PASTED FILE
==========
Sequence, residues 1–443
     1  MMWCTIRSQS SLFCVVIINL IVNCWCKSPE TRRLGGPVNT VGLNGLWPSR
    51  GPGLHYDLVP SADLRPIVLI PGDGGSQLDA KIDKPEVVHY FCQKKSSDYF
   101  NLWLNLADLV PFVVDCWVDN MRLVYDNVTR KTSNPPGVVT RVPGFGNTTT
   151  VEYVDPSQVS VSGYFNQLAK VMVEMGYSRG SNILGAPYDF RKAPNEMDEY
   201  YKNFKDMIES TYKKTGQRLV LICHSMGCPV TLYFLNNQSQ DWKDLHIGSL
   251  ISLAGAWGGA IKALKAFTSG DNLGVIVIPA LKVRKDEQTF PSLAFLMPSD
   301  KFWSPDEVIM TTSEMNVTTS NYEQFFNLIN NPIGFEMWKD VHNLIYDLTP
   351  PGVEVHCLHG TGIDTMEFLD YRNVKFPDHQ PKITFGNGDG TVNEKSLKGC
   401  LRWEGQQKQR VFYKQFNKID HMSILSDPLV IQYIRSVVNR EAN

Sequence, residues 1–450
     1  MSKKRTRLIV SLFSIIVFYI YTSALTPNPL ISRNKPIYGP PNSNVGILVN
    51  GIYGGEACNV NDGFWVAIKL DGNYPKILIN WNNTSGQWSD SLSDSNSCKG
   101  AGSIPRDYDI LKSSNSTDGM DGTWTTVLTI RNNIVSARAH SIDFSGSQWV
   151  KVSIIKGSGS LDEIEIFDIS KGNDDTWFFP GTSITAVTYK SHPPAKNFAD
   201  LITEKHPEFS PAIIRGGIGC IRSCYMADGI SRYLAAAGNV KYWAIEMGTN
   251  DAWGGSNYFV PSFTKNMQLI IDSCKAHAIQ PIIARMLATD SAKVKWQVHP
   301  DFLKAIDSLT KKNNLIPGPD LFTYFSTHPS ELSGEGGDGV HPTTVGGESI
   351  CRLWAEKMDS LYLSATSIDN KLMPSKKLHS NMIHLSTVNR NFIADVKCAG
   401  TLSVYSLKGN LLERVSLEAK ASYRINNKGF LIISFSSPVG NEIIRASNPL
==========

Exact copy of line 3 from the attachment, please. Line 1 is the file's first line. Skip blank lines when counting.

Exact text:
    51  GPGLHYDLVP SADLRPIVLI PGDGGSQLDA KIDKPEVVHY FCQKKSSDYF